Arlington officials began trying last night to soothe the wounds from a bitterly opposed plan for a jail release center that was withdrawn last month, telling a county-appointed residents' panel that its recommendations for a new proposal will be seriously considered.

The panel, a mixture of North and South Arlington civic and business leaders, includes some of the most vocal critics of the previous proposal.

The panel's members were appointed by County Manager Anton S. Gardner in an attempt to fend off criticism that the earlier plan -- which called for a 130-bed facility near Barcroft Park to house minimum-security inmates, homeless people and drug and alcohol abusers -- had been rushed toward the County Board without enough community debate.

Gardner, who withdrew the plan June 15, said its consideration was accelerated because of the need for a jail release facility to relieve crowding at Arlington's jail.

The plan was scrapped after the state agreed to accept about 100 inmates from the jail. Gardner said the state's action, which settled a lawsuit filed by Arlington, gave the county more time to build a jail release facility.

Gardner told members of the panel last night that theirs is a "tough, difficult task." He said Arlington's need for a jail release facility, though eased by the state's acceptance of the inmates, is expected to keep increasing.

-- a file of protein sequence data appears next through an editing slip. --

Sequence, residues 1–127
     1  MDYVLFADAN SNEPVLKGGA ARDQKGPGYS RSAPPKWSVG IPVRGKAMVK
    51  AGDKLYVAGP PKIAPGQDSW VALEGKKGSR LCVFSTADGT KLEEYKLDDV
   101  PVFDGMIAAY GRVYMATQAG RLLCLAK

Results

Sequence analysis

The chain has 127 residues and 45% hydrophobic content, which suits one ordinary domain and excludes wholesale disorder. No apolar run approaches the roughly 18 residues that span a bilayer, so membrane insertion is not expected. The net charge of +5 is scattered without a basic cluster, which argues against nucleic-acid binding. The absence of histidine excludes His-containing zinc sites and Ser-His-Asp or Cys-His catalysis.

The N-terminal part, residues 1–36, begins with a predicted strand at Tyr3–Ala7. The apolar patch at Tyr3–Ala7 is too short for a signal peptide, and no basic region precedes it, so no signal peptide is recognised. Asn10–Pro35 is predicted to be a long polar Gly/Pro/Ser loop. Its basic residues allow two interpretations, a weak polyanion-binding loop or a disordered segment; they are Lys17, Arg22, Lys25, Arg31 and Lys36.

It wasn't long before the panel, whose membership was selected by Gardner and revealed minutes before its first meeting last night, plunged into what will be its stickiest questions: Whether all three programs proposed in the Barcroft plan should be located at the same facility, and where the county could put any or all of the programs.

Former Planning Commission member Michael Hall, a member of the panel, said he believes the panel should address the site question first. Hall, a South Arlington resident, said the county's list of possible sites should not be limited to South Arlington, where land is less expensive than other areas of the county.

Other panel members questioned whether a facility the size of the one proposed for Barcroft Park -- whose value was put at $4.7 million -- is really needed.

Community leaders said they generally are pleased with Gardner's choices for the panel, which includes two South Arlington civic leaders, John Brannock and F. Paxton Baker, who were vocal opponents of the Barcroft plan. The panel's chairman is Lutrelle F. Parker, a South Arlington lawyer and a retired member of the U.S. Patent and Trademark Office's Board of Appeals. Planning Commissioner Barbara Favola and Chamber of Commerce President Henry O. Lampe also are on the panel, which has 18 members.